This is a great, less expensive option for older babies through elementary school (100 lbs!) because of its ability to be used in different ways, including as a booster seat. So good bang for your buck here. The seat is 3-in-1 in that it can be used rear-facing (from infancy, though see more below on that), forward facing and high-back booster. This seat is designed to lengthen the time the seat is used in rear-facing position (up to 40 lbs), which is really the safest way for kids to ride. It’s got a narrow profile, an easy-to-adjust headrest, removable body pillows for a snug fit, and, at 20 lbs is actually lighter than many convertible car seats out there. Not that you’ll be carrying it around so much, but if you have to swap it in and out of a grandparent’s car or take it traveling, this is helpful. Oh and it’s made in the good ol’ USA.
INSTALLATION: Installation is generally easy but it’s sometimes tricky to tighten the straps in the infant position. The top harness buckle can be a little unwieldy as well.
CONS: While we love the 3-in-1 capability, this seat may not be ideal to use as an infant seat. It takes up more space when fully reclined and rear facing in the infant position, and, of course, it isn’t used with a base, so you can’t carry the thing around. Still, this seat is incredibly versatile and has longevity; even if you use it from older-babyhood onward in the 5-position harness, it’ll take you through many stages. Not ideal for use in a compact car, less for width than for length and comfort for the adult seated in front of it.
OTHER CONSIDERATIONS: 2 cup holders for snacking enthusiasts, easy-to-remove cover for washing, many color options, harness holders make it super easy to get your kid in and out (it’s the small things).
Best Option For The Safety-Obsessed Mom With Deep Pockets…
If you’re looking for a stylish seat that’s built like a tank, just shell out the big bucks for the super-sleek Clek Foonf already. With a solid metal substructure, multiple layers of energy absorbing foam, and advanced side-impact protection, this seat is about as close as you can get to keeping your kid in a protective bubble (at least in the car). The super-soft, luxurious fabric is water- and bacteria-resistant (making it easy to wipe up spills), the seat sits high enough for your kiddo to see out the window, and a wedge base and anti-rebound bar are included for rear-facing (which you can use up to 50 pounds).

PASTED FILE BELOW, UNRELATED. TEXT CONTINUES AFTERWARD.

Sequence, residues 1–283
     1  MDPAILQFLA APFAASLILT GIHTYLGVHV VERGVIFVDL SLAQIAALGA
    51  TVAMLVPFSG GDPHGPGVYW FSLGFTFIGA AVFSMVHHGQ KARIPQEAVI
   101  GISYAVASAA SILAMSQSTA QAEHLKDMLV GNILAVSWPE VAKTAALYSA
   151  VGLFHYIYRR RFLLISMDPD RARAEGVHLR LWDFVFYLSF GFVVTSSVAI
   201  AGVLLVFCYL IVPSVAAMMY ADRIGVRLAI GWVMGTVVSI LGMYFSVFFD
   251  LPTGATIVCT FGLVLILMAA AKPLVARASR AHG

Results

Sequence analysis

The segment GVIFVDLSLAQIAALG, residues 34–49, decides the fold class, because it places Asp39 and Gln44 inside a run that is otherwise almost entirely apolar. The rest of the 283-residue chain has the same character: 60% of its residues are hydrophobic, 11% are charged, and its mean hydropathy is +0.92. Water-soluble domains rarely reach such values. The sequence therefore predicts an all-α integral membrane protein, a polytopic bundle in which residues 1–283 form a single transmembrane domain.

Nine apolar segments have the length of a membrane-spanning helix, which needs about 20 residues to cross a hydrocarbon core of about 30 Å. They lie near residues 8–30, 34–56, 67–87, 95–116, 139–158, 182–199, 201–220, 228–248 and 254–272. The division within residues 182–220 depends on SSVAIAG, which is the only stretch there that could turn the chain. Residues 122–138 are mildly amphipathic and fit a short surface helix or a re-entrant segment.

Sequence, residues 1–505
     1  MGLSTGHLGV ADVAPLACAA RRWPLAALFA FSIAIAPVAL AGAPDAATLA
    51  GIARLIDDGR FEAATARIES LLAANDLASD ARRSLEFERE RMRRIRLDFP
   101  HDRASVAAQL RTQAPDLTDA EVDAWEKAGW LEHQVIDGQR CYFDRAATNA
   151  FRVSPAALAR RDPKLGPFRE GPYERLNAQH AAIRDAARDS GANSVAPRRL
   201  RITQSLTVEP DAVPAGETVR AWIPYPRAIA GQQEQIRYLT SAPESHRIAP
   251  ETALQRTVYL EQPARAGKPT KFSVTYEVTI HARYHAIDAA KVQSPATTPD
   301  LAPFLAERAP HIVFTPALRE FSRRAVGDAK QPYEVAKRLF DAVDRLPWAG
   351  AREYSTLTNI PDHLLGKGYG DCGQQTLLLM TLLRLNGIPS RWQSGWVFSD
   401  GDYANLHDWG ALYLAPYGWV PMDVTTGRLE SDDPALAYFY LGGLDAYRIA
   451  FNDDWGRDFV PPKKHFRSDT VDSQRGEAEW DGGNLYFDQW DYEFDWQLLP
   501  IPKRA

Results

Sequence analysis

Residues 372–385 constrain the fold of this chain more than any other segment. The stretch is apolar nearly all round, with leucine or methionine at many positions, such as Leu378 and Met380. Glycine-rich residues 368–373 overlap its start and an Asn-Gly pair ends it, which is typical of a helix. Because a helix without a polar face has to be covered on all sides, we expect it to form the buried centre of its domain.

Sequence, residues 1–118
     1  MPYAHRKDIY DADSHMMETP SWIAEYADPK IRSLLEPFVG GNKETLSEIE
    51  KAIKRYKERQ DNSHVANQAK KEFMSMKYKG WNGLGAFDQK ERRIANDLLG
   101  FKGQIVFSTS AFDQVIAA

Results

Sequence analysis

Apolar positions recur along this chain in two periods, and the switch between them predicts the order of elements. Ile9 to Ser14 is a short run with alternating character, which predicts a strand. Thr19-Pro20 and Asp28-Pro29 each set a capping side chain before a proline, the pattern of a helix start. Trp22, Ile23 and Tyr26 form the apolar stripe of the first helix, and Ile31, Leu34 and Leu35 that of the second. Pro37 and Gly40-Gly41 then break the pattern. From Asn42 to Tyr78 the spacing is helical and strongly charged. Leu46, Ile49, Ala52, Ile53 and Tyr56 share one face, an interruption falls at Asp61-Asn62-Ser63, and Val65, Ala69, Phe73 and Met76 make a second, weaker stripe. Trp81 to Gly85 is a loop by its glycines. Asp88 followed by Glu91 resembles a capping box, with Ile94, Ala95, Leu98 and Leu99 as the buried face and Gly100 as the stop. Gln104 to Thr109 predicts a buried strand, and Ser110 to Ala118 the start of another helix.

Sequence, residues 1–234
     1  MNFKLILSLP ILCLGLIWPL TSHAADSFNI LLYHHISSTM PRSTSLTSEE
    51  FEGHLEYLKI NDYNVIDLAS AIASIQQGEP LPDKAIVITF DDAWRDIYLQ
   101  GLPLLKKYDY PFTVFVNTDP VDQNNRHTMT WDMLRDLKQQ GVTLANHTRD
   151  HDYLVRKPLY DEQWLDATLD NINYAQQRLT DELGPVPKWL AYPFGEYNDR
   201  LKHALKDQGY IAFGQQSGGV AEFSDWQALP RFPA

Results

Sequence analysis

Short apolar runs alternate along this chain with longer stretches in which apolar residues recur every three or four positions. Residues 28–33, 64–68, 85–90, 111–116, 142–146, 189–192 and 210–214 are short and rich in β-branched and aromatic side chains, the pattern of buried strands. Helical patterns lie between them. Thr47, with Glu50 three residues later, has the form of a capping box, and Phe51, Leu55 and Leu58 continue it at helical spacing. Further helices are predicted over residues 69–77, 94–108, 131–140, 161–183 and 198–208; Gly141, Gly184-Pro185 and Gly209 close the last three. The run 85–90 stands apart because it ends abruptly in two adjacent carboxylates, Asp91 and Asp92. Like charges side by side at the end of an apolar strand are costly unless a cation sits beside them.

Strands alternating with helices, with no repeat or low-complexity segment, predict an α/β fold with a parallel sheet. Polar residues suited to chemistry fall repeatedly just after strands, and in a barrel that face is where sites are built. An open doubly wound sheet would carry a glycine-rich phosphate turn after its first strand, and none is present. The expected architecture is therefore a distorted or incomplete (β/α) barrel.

INSTALLATION: Give yourself an hour to assemble an install this beast for the first time, especially if you’re using it rear-facing. Honestly, the whole thing seems super complicated and overwhelming initially, but after you do it once, you’ll be golden. Just keep the manual handy for weight limits, adjustments, and such.
CONS: In addition to the price tag, this seat has a few drawbacks. It is possible to use it from birth with the Clek’s infant insert, and harness height adjustment requires rethreading the straps. A rear-facing installation can create a driving blind spot in certain cars if positioned on the passenger side, and due to its weight (32 to 36 pounds, depending on your configuration) it’s not ideal for travel.
OTHER CONSIDERATIONS: Because this seat is narrower than other high-end convertible seats, you may be able to fit three seats across, and the entire thing is recyclable through Clek’s own car seat recycling program.